The Prince’s early love of fashion is evident in the collection. He sends Hamilton patterns and colours to choose from, discussing the ‘tabinet’ coat with a white ermine lining that he wishes to have made up for New Year’s Day. His shoes and buckles are described as ‘remarkably tight & large’, and we hear an amusing anecdote that Hamilton had heard from an acquaintance, which she reports back to the Prince, relating to his obstinacy in wearing such clownish shoes:
[The] King took the Prince a remarkable long walk through Bogs, up Hills, over stones etc. the Prince’s shoes burst at the sides & what with the weight of the buckles & the tightness of the shoes and the length of the walk his feet were covered with blisters, & he was quite lame- the King flattered himself he had gained his point, but the prince’s obstinacy was proof against his sufferings, & he appeared at Dinner, & ever since in tight shoes & large Buckles…
Their correspondence also sheds light on the characters of George III and Queen Charlotte. In July 1779, the Prince writes that
…it is true that my dearest father loves a joke.. and tho perhaps his irony may not be of so delicate a nature as my own, yet he never means any harm to the person against whom he employs it, tho it may appear as if he did; I am sure he never can mean any to you, the bent of all his jokes is to make you laugh to that excess which he delights in.
Regarding Queen Charlotte, the Prince writes that ‘I have long seen, & perceived with regret, the little sensibility of tenderness in the disposition of my [mother]’, and Hamilton reflects on the ‘peculiar misfortune’ of being ‘placed in a sphere where it becomes necessary to hide & even stifle if possible the delicate feelings of the heart’.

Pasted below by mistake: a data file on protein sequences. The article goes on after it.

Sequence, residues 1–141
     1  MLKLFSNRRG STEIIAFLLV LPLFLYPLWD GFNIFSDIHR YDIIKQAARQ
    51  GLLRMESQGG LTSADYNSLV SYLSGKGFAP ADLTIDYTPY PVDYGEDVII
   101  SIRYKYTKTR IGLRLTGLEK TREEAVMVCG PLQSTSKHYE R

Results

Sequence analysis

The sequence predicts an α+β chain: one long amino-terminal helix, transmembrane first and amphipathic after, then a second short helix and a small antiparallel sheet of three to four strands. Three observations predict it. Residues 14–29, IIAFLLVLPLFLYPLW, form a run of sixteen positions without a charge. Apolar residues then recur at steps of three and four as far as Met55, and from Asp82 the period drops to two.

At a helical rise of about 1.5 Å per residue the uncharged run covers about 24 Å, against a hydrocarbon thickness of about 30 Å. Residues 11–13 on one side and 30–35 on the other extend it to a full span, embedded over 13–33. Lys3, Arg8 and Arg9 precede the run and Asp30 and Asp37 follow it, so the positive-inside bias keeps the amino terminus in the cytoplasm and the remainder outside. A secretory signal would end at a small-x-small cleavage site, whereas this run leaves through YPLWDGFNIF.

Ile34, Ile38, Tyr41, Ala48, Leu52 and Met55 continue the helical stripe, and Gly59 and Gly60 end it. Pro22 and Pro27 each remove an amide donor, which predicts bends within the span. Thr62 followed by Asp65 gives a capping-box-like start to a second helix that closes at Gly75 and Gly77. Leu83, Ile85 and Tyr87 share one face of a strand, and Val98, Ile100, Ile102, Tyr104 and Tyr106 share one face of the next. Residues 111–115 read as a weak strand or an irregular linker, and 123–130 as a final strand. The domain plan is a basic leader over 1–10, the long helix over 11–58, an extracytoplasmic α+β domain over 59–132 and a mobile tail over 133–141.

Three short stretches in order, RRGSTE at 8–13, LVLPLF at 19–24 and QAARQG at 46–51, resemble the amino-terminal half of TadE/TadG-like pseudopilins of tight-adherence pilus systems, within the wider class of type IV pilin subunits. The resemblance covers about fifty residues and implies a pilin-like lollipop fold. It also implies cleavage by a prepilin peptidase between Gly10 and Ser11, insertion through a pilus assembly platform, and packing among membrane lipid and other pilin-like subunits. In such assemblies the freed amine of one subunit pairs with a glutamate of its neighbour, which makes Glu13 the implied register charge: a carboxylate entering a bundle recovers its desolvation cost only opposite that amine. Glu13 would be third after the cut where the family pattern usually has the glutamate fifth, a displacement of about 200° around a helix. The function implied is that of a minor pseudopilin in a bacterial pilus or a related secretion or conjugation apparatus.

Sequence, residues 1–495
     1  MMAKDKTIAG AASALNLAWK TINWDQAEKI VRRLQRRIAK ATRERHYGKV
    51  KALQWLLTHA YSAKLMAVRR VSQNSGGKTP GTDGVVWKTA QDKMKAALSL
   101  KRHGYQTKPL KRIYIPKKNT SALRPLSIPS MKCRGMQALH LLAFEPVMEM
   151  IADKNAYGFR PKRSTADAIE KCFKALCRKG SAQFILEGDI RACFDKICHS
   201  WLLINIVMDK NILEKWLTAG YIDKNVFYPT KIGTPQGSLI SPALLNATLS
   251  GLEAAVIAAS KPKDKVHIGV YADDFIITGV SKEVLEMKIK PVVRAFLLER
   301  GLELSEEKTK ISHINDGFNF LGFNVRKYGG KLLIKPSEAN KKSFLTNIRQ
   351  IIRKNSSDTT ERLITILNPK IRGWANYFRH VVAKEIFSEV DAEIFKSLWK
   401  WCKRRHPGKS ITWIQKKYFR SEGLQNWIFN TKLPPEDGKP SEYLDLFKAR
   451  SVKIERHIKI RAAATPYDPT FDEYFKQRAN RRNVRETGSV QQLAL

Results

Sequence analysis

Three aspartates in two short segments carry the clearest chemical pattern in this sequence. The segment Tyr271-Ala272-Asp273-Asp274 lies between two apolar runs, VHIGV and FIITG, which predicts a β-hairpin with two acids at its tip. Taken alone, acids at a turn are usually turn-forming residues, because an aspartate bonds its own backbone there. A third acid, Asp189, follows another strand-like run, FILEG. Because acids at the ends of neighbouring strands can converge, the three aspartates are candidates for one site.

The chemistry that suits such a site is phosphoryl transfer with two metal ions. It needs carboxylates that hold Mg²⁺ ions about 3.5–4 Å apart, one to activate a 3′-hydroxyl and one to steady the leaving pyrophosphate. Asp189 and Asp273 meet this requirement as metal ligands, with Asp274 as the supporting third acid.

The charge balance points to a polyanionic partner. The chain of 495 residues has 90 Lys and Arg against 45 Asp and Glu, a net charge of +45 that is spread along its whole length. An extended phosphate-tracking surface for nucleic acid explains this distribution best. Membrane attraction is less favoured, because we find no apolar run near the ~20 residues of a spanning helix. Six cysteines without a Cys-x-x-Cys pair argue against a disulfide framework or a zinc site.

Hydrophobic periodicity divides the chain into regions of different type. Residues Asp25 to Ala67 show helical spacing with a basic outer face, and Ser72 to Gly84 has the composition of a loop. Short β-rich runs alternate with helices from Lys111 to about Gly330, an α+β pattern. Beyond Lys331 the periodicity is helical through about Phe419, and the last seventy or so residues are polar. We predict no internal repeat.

As the correspondence moves into December we hear of the Prince’s plans to go to the theatre. On the 5 December 1779 he writes to Hamilton that whilst there he has seen,
the most beautiful woman, that, ever I beheld, who acted with such delicacy that she drew tears from my eyes, she perceived how much my attention was taken up with her, not only during her acting but when she was behind the scenes, & continued every little innocent art to captivate a heart but too susceptible of receiving every impression she attempted to give it, & alas my miranda, my friend, she did but too well succeed… her name is Robinson…
This was the beginning of the Prince’s relationship with the actress Mary Robinson, who would become the Prince’s first mistress. After this time, the correspondence between the Prince and Hamilton draws to a close.
After wishing to leave for some time due to the exhausting demands of life as a courtier, Hamilton was finally permitted by Queen Charlotte to retire from court in 1782. In 1783 she moved to London and lived as part of the ‘bluestocking’ circle, continuing her friendships with intellectual figures such as Frances Burney, Mary Delany, and Elizabeth Carter. In 1785 she married John Dickenson with whom she had one daughter, Louisa, born in 1787.
Mary Hamilton’s papers were kept and arranged by her descendants, with selected extracts published by her great-grandchildren Elizabeth and Florence Anson in 1925, in Mary Hamilton, Afterwards Mrs John Dickenson, At Court and at Home From Letters and Diaries 1756-1816. The correspondence between Hamilton and the Prince of Wales was purchased by The Royal Archives in 2006. Further papers of Mary Hamilton, including her diaries, extensive correspondence, and commonplace books, are held at the John Rylands Library at The University of Manchester.